A letter to David Howarth MP, asking him to work to defeat Home Secretary Jacqui Smith’s proposal to create a government database of telephone calls and e-mails.
A review of Incandescence by Greg Egan. “In a genre dominated by fantasy dressed in a spacesuit instead of a wizard’s robe, Greg Egan stubbornly sticks to extrapolations from the physics we know. He rules out from his fiction faster-than-light travel or communication, or spaceships that couldn’t possibly be fueled by any form of energy we know. This self-denying ordinance deprives him of the props and conventions of the genre: no galaxy-spanning empires or interstellar wars for Egan.”
I demolish an absurd article about cycle commuting from the BBC.
Discussion of video game build pipelines and the development difficulties that they entail.
The trouble with the build tool
make is that because it uses file modification dates to determine whether a dependency has changed, it often rebuilds targets unnecessarily.
An account of a walk I did back in 2002, from Little Town in the Newlands valley in the Lake District, to Buttermere, and back. (In the form of a map with mouseover text.)
There are many thousands of mortgage calculators on the web that compute the monthly payments based on the capital sum, interest rate, and duration. But this one lets you compute any of these four values based on the other three.
A review of Matter by Iain M. Banks. “The book initially appears to be about the political and military conflict between two humanoid civilizations. But a kind of pull-back reveals that this conflict is a small event taking place in a corner of a much vaster canvas, like two colonies of ants fighting over a mound of earth in a city park.”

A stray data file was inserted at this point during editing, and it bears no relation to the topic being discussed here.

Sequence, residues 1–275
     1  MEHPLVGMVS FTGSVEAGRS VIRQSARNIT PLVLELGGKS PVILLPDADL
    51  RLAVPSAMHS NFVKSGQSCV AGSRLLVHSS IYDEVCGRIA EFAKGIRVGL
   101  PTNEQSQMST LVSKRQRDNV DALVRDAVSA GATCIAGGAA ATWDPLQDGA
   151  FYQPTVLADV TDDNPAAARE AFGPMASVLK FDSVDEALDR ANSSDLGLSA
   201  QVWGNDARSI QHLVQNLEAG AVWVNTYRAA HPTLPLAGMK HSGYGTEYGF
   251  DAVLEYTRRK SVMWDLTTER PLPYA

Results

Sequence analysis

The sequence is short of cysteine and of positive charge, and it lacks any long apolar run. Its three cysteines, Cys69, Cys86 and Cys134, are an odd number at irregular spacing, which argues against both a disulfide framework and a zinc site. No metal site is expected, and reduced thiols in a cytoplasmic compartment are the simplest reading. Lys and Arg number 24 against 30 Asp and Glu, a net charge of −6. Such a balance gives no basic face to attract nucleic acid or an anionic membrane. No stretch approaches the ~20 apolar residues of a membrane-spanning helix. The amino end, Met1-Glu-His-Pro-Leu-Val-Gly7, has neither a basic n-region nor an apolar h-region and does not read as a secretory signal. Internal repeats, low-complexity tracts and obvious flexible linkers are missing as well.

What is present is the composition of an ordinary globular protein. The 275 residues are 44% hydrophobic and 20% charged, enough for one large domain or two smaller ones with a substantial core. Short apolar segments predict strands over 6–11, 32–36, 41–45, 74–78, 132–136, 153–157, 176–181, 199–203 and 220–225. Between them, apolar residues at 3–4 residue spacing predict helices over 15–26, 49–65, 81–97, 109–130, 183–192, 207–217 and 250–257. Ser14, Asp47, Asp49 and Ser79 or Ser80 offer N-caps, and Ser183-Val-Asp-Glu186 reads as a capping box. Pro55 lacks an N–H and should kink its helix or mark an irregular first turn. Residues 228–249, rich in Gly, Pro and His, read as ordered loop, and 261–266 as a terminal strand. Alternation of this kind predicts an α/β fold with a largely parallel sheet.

A look at house prices in December 2007. “I’ve been wondering about what the UK housing market crash is going to look like, and how far prices might fall.”
Smart quotes mode, a minor mode for Emacs 22 that makes it convenient to type ‘smart’ “quotes”.
Why rules can’t tell us how to make good video games; we need understanding of their purpose and effects as well. With an extended digression on neoclassicism and John Dryden.
An analysis of the dispute between the Bishop of Manchester and the video game developer Insomniac over the use of Manchester Cathedral as a setting in the game Resistance: Fall of Man.
Tactics and tips for winning at Quest Mode in Zoonami’s Zendoku, a video game for the Nintendo DS and Sony PSP. With lots of diagrams.
A C programming language technique for embedding relations (tables of data) into programs in a way which is easy to check, safe to update, and requires no tools other than the C preprocessor.
Why video games on the Sony PlayStation Portable take so long to load, and what game developers can do to reduce loading times.
Commentary on an extract from the television series Miracle Planet II, portraying a collision between a small planetoid and Earth, of similar scale to ones which occurred during the “late heavy bombardment” of the Hadean era (about 4 billion years ago).
It’s common and convenient to represent relational databases in the form of spreadsheets, especially using Microsoft Excel. But it’s surpisingly hard to carry out relatively simple database operations on such spreadsheets. This article explains how to implement simple selects and joins as Excel formulae.
The structure of the puzzles in the Nintendo 64 video game The Legend of Zelda: Ocarina of Time. With diagrams and maps.
A study of the errors found and fixed during the development, testing and release history of the adventure Christminster, together with a suggested categorization of defects in adventure games.
Lists the requirements for a statement coverage tool for Python, describes some issues in design and implementation, and compares
coverage.py with other statement coverage implementations.
A text adventure game set in the ancient university town of Christminster. A telegram from your brother Malcolm, a teacher at Biblioll College, draws you in to investigate the mystery of his disappearance, the history of the college, and the ambitions of the scheming Doctor Jarboe and Professor Bungay…